Monday, May 12

Back to the future?

Back in 2003 our allotment site was a mess.
The allotment bug hadn't bitten and infected the country. People who kept allotments were seen as weird and to be honest it wasn't something you brought up in conversation. Fruit and vegetables came from supermarkets, were clean and of regimental shape and size.

Our site was in danger of being lost and our plot was surrounded by a sea (rough high sea at that) of weeds.
We spent as much time keeping the weeds back from encroaching on our plot as we did gardening. When we were gardening we were hidden from view - no-one would have known we were there. Existing plot holders took on extra plots to try and safeguard the site's future. The council positively encouraged this and would have been delighted if someone had decided to take on all the vacant plots.

Around 2007 interest in allotments began to grow and some plot holders decided to publicise the fact that there were vacant plots on the site. They popped posters in local shop windows and dropped leaflets through doors. This had a positive affect and gradually more plots were taken. It was still a work in progress but we were getting there.
As allotment popularity grew our site developed a waiting list and soon all the plots were taken and the site was thriving. The site secretary managed the waiting list and vacant plots were allocated promptly. If a plot became too overgrown a few plot holders who owned strimmers strimmed down the weeds.
Recently for various reasons several plot holders have decided to quit allotmenting and so several plots have become vacant. Now the council manages the waiting list (if there is one) and for some reason the plots have been standing idle for a while. I know our plot neighbour gave up their plot in February. They had kept their plot in pristine condition and we commented that anyone being allocated this plot would have really fallen on their feet. The photo below was taken last year.
However, this plot as well as several others is still waiting for a new tenant.
Ours plots once again are surrounded - this time on three sides by plots that are full of nothing but weeds.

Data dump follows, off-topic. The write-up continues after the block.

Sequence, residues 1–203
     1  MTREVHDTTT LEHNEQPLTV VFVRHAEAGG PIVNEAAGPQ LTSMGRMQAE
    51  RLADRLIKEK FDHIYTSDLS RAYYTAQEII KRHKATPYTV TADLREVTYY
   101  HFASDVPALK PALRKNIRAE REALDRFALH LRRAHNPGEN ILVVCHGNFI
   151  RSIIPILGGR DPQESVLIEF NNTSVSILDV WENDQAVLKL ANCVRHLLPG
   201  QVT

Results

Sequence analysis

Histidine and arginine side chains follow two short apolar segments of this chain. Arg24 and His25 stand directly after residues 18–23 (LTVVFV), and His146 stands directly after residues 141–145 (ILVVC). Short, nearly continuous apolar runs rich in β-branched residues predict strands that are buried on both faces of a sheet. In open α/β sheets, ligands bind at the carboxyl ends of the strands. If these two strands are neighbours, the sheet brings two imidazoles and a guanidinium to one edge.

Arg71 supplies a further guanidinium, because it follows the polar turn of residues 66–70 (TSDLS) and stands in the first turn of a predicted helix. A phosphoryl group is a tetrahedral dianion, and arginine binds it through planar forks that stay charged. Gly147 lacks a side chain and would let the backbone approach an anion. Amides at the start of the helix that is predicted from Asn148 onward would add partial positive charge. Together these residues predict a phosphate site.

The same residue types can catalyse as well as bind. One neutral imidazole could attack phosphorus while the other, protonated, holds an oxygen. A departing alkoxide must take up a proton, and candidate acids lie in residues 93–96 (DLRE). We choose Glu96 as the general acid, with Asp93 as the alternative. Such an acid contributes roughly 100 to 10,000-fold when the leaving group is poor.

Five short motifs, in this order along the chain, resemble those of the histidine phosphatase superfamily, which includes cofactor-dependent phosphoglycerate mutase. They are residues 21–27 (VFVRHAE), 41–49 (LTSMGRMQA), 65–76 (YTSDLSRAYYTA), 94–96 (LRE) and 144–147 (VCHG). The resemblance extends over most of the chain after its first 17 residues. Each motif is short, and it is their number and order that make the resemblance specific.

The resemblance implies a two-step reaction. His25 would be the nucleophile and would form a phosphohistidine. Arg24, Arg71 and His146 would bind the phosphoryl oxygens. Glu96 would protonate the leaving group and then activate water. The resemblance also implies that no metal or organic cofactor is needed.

Time is running out for new tenants to make full use of these plots during this growing season.

I don't know why these plots are not allocated and just hope it isn't the case that we are going backwards as we head into the future.

32 comments:

  1. We have the same problem with ours, although half of our plot is still a jungle (we've only had it for 6 months), but a couple of our neighbours do nothing to their plots. I can only assume they still pay their rent, but do no work. The weeds are overpowering, and on their annual grass cut their wait until the weeds have seeded and then spread them all over their neighbours hard worked land. I don't understand why the council do nothing about it? There is a 5 year waiting list here for an allotment, it should be put to good use and not left to ruin :(

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    1. Hi Sarah and welcome, I don't think councils put allotments very high on their list of priorities. I'm afraid, Just something they have to do. Our rents are higher than many areas too.

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  2. It is amazing just how quickly natures encroaches once a garden is left alone - if only for a short time. My old plot is unrecognizable now and it breaks my heart. It makes your job even harder now to keep your plot pristine - and what a waste, all the time and effort the plotholders put in just going to waste. Councils really ought to get their act together. The before and after pictures show just what can be done with a bit of enthusiasm and concern for the site.

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    1. Our ex-plot neighbours would probably feel the same if they had seen it in this state, Elaine.

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  3. It's such a shame that plots are allowed to overgrow before being allocated new tenants. I think it must be down to the council who are slow to get things moving as we've still got a long waiting list on our site and we were given our new plot before the old tenants had even moved their things out of the shed. Perhaps you could enquire if there's a waiting list and if so, why plots aren't being allocated.

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    1. That sounds like a good system, Jo - you can negotiate buying sheds and greenhouses then can't you?